Immigration Nation

4 Aug 2013

Immigration is an issue that has been at the heart of heated public debate since the Second World War. It is a topic that has fuelled election campaigns and nationalist political agendas. It is a subject that nobody wants to talk about, but everybody wants dealt with. Immigration is the trump card for any party that aims for power, and seems to have become a purely electoral issue. The political right is particularly intolerant towards immigration and immigrants, and is often accused of inciting racial hatred and xenophobia for party political ends. However, immigration figures have recently been disputed as being "little better than a best guess", and therefore current debate should perhaps focus on the effectiveness of The Border Agency during a time of austerity. The 2011 Census found that 7.5 million people (13% of the population) were born overseas, most of whom came from India, Poland, Pakistan, Ireland, and Germany. Historically, migrants have settled in Britain for more than 2000 years, but it is only since the end of the British Empire that immigration has been interpreted as a serious social concern.

 

The political right has always found fault with immigration levels, believing that they should be heavily restricted. Nationalists, such as the BNP, prescribe the view that there is not enough food and water for everyone in the UK, that the UK is overcrowded, and that immigrants cause increased crime. All of these claims are exaggerated to create a distorted sense of insecurity among the public. In terms of food shortage claims, this is wholly untrue. The planet produces enough food to feed 10 billion people (some report as much as 12 billion), and the UK in fact wastes an estimated 15 million tonnes of food per year. According to its immigration policy, UKIP suggests that the UK is overcrowded. It claims that, “England, where the majority of people live, is one of the most densely populated countries in the world: more densely populated than China, India and Japan.” The UN falsifies this claim; UKIP does not even offer a source for its data. This reliance on unreliable information is a worrying development for a party that seeks to prove itself as a viable political force. Furthermore, the perception that immigrants cause more crime has been disputed in a recent study by the London School of Economics, which found that there was less crime overall during periods of high immigration. 

The biggest issue that the political right has with immigrants is that they do not contribute towards our public services. Economically, immigration has many huge benefits. Working immigrants pay income tax and National Insurance; considering many immigrants are young and healthy, they are less likely to be a strain on our health services that predominantly subsidise an ageing population. In 2002, Home Office research indicated that immigrants pay £2.5 billion more in taxes than they take in benefits. In 2005 the Institute for Public Policy research suggested that the net fiscal contribution of immigrants over a period of five years was higher than that of UK-born nationals. In June, the OECD reported that immigrants make a net contribution of £16.3 billion to the economy. The Guardian also recently reported that evidence from the Office for Budget Responsibility showed that if immigration were stopped, within five years the national debt would be £18 billion higher. The evidence clearly demonstrates that immigrants generate wealth, rather than remove it.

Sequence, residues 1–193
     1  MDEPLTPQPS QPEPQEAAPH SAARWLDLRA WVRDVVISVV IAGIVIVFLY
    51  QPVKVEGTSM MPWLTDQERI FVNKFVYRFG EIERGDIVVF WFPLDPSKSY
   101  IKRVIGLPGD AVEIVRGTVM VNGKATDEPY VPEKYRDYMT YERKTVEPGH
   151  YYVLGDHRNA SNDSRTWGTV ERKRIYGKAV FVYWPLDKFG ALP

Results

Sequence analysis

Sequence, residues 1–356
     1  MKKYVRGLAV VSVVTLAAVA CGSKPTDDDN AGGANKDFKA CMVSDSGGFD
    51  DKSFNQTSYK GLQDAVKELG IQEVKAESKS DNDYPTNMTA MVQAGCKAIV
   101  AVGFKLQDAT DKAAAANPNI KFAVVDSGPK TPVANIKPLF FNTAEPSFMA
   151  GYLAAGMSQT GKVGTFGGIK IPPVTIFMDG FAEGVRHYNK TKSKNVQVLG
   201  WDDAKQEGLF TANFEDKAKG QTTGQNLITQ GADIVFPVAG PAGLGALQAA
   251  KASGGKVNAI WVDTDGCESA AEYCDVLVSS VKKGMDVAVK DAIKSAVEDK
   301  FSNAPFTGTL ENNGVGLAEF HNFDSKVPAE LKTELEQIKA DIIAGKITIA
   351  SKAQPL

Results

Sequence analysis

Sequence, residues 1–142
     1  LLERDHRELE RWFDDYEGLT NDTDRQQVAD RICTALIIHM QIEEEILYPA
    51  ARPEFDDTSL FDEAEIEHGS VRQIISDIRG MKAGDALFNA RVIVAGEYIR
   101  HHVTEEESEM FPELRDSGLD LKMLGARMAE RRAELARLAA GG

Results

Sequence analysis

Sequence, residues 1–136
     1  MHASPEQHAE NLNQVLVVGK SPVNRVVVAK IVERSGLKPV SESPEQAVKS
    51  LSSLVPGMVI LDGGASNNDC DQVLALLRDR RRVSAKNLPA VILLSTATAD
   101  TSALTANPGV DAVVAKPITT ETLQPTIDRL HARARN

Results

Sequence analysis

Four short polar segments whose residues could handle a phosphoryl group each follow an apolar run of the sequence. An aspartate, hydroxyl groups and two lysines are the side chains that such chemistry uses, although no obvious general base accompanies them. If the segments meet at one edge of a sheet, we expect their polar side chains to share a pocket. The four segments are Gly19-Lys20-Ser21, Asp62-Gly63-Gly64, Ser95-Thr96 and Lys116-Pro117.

Furthermore, immigrants work in many vital jobs. 30% of our doctors and 40% of our nurses are immigrants. This factor contradicts an assumption that immigrants are uneducated - just under 30% of immigrants from outside the EU and 35% of immigrants from EU14* countries are graduates, ahigher proportion than that of the UK. Thousands of foreign students come to study in the UK, paying significantly higher tuition fees than those of domestic students, which can be as much as £33,000 per year for some courses. Such high fees contribute to our own educational institutions and therefore, UK students also benefit.

Without immigration, cultural Britain would also be a much less colourful place. Without immigrants, there would be no Chinese, Indian, Italian, Nepalese, Mexican, French, or even ‘Fusion’ food restaurants. There would be no Tesco, M&S supermarkets or Selfridges. Engineer, Isambard Kingdom Brunel’s father was a French immigrant, so no Clifton Suspension Bridge or GWR either. Sigmund Freud, the founding father of psychoanalysis was an Austrian who lived in London. Many ‘British’ people in the public eye come from immigrant backgrounds. Our monarchy is not ‘British’, but German. Andrew Bonar-Law, Prime Minister from 1922 to 1923, was born in Canada. Football, cricket, athletics, and our Olympic 2012 team, would look very different without immigration. Architect Zaha Hadid, who designed the London Olympics Aquatics Centre and the Serpentine Gallery, is from Iraq but lives in Britain, and the designer of the London 2012 Olympic tower is Indian-born UK artist Anish Kapoor. T.S. Eliot, who won the Nobel Prize for Literature lived in Britain, but was American, and author JRR Tolkien was South African, and also moved to Britain. German philosopher Karl Marx lived and is buried in London. Our music, art, literature, and language has been created, crafted, and influenced by people and cultures from every corner of the globe.

We owe the foundations of modern British culture to immigration. We have always welcomed people who want to contribute to our society and we always must if we aim to be a positive example to the world.

By Soila Apparicio



*EU 14 Countries: Austria, Belgium, Denmark, Finland, France, Germany, Greece, Ireland, Italy, Luxembourg, Netherlands, Portugal, Spain, Sweden

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